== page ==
The subject under discussion here recently has been the application of choice architecture and other principles used by the Smarter Lunchrooms Movement to encourage the consumption of healthful foods in the cafeterias of educational institutions.
The same basic ideas can be adapted for home use, especially in summer when kids are around more. This website about healthy food choices also offers links to slides, leaflets, and a webinar for parents that explains behavioral economics, and shows how to introduce simple and feasible strategies aimed at promoting healthier eating habits. It’s all about the nudge: the subtle, non-coercive intervention meant to gently steer people toward a certain course of action.
These operative principles are not limited to food-related areas of life, not at all. As Childhood Obesity News has mentioned, many forms of behavior can be molded by applying the tenets summarized by the acronym EAST: portray the desired behavior as Easy, Attractive, Social, and/or Timely.
For instance, we related how a study showed that rather than request that people “Please don’t cheat,” it is much more effective to ask, “Please don’t be a cheater.” The word Attractive in this context does not necessarily mean that people like it. It basically means, to draw the attention. One proven way of making an idea Attractive is to personalize it. When someone is directly asked to not be a cheater, that puts a name and a face on the hypothetical cheater — their name and face.
“Harnessing the power of defaults”
Obviously, objections could be made to a lot of the points and sub-points involved in the EAST formula. A widely used strategy is to make one possible choice more cumbersome. For instance, there is white milk on the table, and if you want the higher-calorie chocolate, you can go to the refrigerator and fetch it yourself. The unspoken message is, “Do things our way. Because we set it up so that doing it your way is annoying.” At which point, a lot of subjects will acquiesce.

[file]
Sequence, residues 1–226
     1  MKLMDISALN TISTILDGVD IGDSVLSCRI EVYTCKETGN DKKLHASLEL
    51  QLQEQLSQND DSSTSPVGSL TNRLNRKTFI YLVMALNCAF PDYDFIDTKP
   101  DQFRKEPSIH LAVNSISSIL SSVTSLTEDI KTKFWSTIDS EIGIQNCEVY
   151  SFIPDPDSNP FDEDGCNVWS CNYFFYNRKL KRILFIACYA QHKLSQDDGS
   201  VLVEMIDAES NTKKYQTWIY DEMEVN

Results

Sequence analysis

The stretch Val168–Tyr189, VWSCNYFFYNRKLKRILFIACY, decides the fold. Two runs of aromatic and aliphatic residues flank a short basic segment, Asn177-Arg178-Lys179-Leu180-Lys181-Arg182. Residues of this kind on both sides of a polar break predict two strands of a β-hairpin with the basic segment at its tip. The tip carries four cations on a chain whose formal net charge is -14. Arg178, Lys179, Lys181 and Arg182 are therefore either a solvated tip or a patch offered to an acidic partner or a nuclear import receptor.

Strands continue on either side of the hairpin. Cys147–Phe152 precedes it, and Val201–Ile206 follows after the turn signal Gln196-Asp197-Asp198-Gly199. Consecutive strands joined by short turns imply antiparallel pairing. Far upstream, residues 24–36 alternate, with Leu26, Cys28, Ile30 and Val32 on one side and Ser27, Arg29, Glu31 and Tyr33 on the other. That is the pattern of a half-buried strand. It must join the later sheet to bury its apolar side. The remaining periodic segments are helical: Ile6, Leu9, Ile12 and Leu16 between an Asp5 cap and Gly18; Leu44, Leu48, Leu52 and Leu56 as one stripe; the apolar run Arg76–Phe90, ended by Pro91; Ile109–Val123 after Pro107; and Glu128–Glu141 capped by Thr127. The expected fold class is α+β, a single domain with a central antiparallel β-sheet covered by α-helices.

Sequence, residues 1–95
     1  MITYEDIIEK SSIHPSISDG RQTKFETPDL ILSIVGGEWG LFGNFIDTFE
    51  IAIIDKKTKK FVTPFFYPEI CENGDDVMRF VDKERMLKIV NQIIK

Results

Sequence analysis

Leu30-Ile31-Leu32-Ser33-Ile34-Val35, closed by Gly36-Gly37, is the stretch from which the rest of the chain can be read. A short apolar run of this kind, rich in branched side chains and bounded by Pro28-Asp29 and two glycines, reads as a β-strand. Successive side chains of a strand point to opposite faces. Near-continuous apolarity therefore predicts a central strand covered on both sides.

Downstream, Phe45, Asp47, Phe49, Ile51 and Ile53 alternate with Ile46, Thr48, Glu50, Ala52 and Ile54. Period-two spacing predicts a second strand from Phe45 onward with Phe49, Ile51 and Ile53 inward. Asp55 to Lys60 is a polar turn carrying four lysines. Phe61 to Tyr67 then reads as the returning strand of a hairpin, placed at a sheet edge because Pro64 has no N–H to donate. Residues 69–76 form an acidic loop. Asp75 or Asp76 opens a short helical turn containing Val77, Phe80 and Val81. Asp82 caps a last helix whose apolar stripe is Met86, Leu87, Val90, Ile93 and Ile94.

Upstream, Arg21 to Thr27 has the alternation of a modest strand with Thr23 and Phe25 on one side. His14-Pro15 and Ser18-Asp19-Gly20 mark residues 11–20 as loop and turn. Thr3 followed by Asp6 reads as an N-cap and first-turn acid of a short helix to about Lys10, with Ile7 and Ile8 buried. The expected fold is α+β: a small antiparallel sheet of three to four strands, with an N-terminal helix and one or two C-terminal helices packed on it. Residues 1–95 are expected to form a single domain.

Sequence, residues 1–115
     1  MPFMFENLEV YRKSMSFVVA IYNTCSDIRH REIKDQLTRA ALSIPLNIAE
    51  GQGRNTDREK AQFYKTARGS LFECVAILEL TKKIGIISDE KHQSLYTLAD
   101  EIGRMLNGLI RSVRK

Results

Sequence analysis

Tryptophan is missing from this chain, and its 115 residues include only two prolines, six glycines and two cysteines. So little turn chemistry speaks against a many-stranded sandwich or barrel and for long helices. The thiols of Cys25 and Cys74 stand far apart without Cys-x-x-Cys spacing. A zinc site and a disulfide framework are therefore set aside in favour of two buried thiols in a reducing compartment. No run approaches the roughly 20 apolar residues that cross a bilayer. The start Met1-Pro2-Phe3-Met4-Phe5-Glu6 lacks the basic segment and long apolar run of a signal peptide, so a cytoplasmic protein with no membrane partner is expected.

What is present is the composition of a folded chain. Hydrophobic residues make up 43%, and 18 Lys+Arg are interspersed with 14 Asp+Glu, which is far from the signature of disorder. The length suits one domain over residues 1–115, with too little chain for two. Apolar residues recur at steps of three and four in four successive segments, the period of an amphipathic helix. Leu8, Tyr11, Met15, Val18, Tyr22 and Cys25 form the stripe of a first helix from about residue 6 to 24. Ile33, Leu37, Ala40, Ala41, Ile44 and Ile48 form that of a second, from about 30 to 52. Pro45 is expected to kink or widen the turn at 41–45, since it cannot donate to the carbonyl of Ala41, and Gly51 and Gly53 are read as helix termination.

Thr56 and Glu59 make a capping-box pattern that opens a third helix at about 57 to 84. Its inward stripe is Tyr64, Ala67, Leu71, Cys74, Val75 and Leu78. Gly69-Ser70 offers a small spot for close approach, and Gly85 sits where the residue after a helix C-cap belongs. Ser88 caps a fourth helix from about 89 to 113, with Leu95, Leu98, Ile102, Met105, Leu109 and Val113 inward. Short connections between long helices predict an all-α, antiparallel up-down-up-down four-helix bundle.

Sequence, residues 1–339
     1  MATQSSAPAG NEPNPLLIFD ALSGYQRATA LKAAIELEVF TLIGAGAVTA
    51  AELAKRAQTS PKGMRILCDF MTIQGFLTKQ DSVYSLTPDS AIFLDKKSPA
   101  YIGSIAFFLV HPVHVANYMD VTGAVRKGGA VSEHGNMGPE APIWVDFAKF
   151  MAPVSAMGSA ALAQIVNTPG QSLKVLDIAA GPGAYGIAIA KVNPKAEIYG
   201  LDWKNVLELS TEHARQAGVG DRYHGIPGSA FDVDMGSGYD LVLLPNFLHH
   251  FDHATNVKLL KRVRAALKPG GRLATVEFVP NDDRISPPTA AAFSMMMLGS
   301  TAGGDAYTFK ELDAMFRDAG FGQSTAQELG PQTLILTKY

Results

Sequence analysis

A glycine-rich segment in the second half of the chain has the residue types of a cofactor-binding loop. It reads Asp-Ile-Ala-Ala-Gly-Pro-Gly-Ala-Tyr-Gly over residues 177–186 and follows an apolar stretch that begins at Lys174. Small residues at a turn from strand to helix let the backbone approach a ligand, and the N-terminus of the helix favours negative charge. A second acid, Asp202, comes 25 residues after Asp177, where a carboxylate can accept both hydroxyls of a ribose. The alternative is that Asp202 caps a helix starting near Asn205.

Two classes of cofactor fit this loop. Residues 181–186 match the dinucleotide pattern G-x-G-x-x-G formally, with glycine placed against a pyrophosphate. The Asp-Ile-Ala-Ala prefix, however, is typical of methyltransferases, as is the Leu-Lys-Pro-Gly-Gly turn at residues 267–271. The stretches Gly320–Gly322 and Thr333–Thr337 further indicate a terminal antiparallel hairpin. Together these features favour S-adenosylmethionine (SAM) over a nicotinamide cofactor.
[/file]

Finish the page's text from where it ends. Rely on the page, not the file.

The experts call this “harnessing the power of defaults,” and some say the concept has been too easily grasped by oligarchs throughout history. In a dictatorship, there is no chocolate milk in the fridge. The choices are either drink this, or go without.
When the tyrant’s directive is the default choice, with the alternative being violent death, governmental administration is greatly simplified. But it is morally questionable, which is why some critics object.
Choice architecture, in both the physical and metaphysical realms, is cheap to implement, and it often works. When the intervention’s design is subtle enough, children do not even realize that their perceived autonomy is being steered. To achieve compliance, the use of this psychological approach, rather than one of many possible other methods, all seems quite progressive and enlightened.
Critics, on the other hand, do not admit to the possibility of benign manipulation, and regard this whole area of expertise as nanny state baloney, mind control, and a scummy imitation of free will. When people carry around extra pounds, they resent the government butting in, even — and especially — when the mission is to save them from themselves.
Your responses and feedback are welcome!
Source: “Smarter Lunchrooms Strategies for Your Home: Meals and Snacks,” Extension.org, 09/09/19
Image by Alan Light/(CC BY 2.0)